This is why we are encouraging all of our Mum Central readers to get involved in Paint the Town Teal, the national fundraiser to raise awareness and show support to women with ovarian cancer.

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What is Paint the Town Teal? 

It’s a way for us women to join forces, have some fun, eat teal-themed baked goods and drink teal-themed cocktails all the while raising funds for Ovarian Cancer Australia.

Get together with friends, family, local business, community and show your support. You may hold a golf day, tea party, charity run, a teal workday, movie night, pamper day, trivia or games night. By hosting an event and raising funds, you are helping save lives and supporting these women.

Ovarian cancer paint the town teal
Gather the girls for a day out. Source: Getty
  1. Choose your teal inspiration. Popular ideas include a morning/ afternoon tea, a movie night, a 5km walk/run, a pamper day or a trivia games night.
  2. Register your event. You can do so through the link below:

mum central

3. Choose the details. Including time, date and venue. If you want to keep the costs down and keep it simple, consider playing hostess at home or choosing a free venue such as a park.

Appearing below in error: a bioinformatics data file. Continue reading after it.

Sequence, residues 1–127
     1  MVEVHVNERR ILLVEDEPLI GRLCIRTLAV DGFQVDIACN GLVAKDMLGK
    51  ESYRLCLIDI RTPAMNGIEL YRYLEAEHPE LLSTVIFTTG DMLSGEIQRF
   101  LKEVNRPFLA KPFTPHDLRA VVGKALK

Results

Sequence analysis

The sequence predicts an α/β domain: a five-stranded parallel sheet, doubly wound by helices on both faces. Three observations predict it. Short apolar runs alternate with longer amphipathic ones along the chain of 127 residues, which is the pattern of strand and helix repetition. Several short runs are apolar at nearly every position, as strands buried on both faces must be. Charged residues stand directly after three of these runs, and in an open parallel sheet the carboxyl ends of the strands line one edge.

4. Pass out the invites, promote your event and show your support. Our campaign goal is $5,000 and we reckon we can SMASH this. Funds raised go to resilience kits for the brave women battling ovarian cancer, more support services, both online and in-person, national healthcare awareness and various research projects.

Ovarian cancer awareness - paint the town teal fundraiser
Raise funds for ovarian cancer AND eat cakes! Yum yum. Source: Supplied

Time to ovary-act

We need your help to make a difference. The more people that know about Ovarian Cancer Australia, the greater the impact. Hopefully, by knowing the signs of ovarian cancer, more women will come forward and get checked out.

Early detection is vital for survival and losing more than 1,000 beautiful women a year to ovarian cancer is, well, it’s just not acceptable.

So Ovary-act before the end of March and host an event to support women with ovarian cancer and raise funds for Ovarian Cancer Australia. Every dollar does make a difference and together we can fund better support for women living with ovarian cancer.

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This post is sponsored by Ovarian Cancer Australia
Avatar of Jenna Galley

Born and raised in Canada, Jenna now lives in Far North Queensland with her tribe. When the mum-of-three is not writing, you can find her floating in the pool, watching princess movies, frolicking on the beach, bouncing her baby to sleep or nagging her older kids to put on their pants.